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State Dept. debuts new online visa process is reporting that the State Department's Bureau of Consular Affairs is rolling out a new online application process for nonimmigrant visas aimed at reducing processing time.


Nonimmigrant visas generally are required for temporary visitors entering the country with a specific purpose, for instance, international students or tourists seeking medical treatment. The government issued more than 6.6 million nonimmigrant visas at Foreign Service posts in 2008, up 1.2 million from 2005. The number of temporary visitors in the United States dropped from 6.6 million in 2008 to 5.8 million in 2009.


This is the bureau's first step to building the Consular Electronic Application Center, a Web-based system that eventually will host online applications for immigration visas and passports. The new system cuts down on paperwork: Applicants only need to print out a confirmation sheet with a bar code that allows consular officers to locate the candidate's case in the department's database.


The new nonimmigrant visa application, DS-160, combines three forms into one online platform. Once an applicant submits the document online, consular officers can screen it before the visa interview and ask the candidate to fill in any missing information. Applicants must complete the form in English, but they can view as pop-ups foreign translations of the questions.


The bureau expects that DS-160 will be used at every overseas visa-issuing post by the end of April. So far, DS-160 is available in 11 foreign languages, and five more translations are ready to be added and six translations are in the works.

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34,500 Haitians in U.S. seek protected status


The New York Times reports that more than 34,500 Haitians living in the United States have applied for protection from deportation since January, immigration officials say. Immigration officials estimate that between 100,000 and 200,000 Haitians in the United States could be eligible to apply for TPS. They have until late July to apply.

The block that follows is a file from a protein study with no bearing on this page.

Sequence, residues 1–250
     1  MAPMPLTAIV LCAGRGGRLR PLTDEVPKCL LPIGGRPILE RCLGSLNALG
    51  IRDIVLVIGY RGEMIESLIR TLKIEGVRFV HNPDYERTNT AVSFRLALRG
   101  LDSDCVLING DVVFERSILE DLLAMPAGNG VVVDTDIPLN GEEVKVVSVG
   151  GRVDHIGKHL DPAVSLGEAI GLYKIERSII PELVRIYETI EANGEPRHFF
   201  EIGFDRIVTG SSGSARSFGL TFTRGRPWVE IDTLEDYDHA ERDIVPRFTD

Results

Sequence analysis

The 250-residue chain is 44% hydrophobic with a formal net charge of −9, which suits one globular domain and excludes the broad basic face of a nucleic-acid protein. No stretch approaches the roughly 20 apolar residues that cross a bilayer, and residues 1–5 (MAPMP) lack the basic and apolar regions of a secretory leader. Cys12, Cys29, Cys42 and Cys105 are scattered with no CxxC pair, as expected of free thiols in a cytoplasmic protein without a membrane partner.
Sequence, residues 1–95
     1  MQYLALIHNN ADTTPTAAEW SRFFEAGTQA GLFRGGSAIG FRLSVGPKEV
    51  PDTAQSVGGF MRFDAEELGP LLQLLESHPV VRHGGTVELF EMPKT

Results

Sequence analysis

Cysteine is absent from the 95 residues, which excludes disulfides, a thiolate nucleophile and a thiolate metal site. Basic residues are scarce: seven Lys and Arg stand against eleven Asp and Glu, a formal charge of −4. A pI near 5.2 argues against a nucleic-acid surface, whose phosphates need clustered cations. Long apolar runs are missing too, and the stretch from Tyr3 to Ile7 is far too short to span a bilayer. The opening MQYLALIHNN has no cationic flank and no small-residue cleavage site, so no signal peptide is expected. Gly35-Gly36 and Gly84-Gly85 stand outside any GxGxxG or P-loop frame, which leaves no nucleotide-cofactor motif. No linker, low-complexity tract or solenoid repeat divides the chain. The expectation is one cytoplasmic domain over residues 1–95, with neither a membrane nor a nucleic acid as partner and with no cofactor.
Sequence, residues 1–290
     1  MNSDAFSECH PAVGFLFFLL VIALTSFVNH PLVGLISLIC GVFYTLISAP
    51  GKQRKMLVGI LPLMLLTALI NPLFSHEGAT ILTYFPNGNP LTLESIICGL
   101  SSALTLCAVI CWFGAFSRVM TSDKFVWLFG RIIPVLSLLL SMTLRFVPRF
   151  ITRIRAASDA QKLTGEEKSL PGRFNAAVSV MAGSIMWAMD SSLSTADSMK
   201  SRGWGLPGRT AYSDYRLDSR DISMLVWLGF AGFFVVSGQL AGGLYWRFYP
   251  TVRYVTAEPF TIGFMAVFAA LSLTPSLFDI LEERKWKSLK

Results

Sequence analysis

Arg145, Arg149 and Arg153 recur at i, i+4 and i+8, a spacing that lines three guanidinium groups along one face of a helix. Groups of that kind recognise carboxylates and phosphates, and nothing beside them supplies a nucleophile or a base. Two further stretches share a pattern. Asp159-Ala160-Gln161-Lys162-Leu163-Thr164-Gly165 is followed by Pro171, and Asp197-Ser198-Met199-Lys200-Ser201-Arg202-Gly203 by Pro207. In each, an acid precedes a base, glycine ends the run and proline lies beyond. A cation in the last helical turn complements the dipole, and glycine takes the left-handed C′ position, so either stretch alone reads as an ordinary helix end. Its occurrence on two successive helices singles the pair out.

The Obama administration suspended deportations of Haitians who had been in the U.S. by Jan. 12, when the 7.0-magnitude earthquake Haitians would be eligible to apply for an immigration benefit known as Temporary Protected Status, or TPS, which allows those who receive it to live and work here for up to 18 months.


TPS generally is granted to undocumented immigrants living in the U.S. whose native country is stricken by such things as natural disasters and armed conflicts. Although TPS usually is granted for 18 months, it is often extended when a certain region is determined not to have recovered to the point where it can absorb numerous deportees. Experts had expected more Haitians to apply by now.  
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Key Homeland Security posts go unfilled


CNN is reporting that the Obama administration and Congress have not yet filled some key positions in the Department of Homeland Security -- notably the top jobs at the Transportation Security Administration and Customs and Border Protection. Together, the two posts manage about half of all DHS employees. But for differing reasons, the posts are unfilled or occupied by placeholders.


In the case of the TSA, the person nominated in September withdrew from consideration in January after a contentious confirmation battle. The White House has yet to name a new nominee.


In the case of Customs and Border Protection, Obama nominated insider Alan Bersin in September. But the Senate Finance Committee has yet to schedule a confirmation hearing.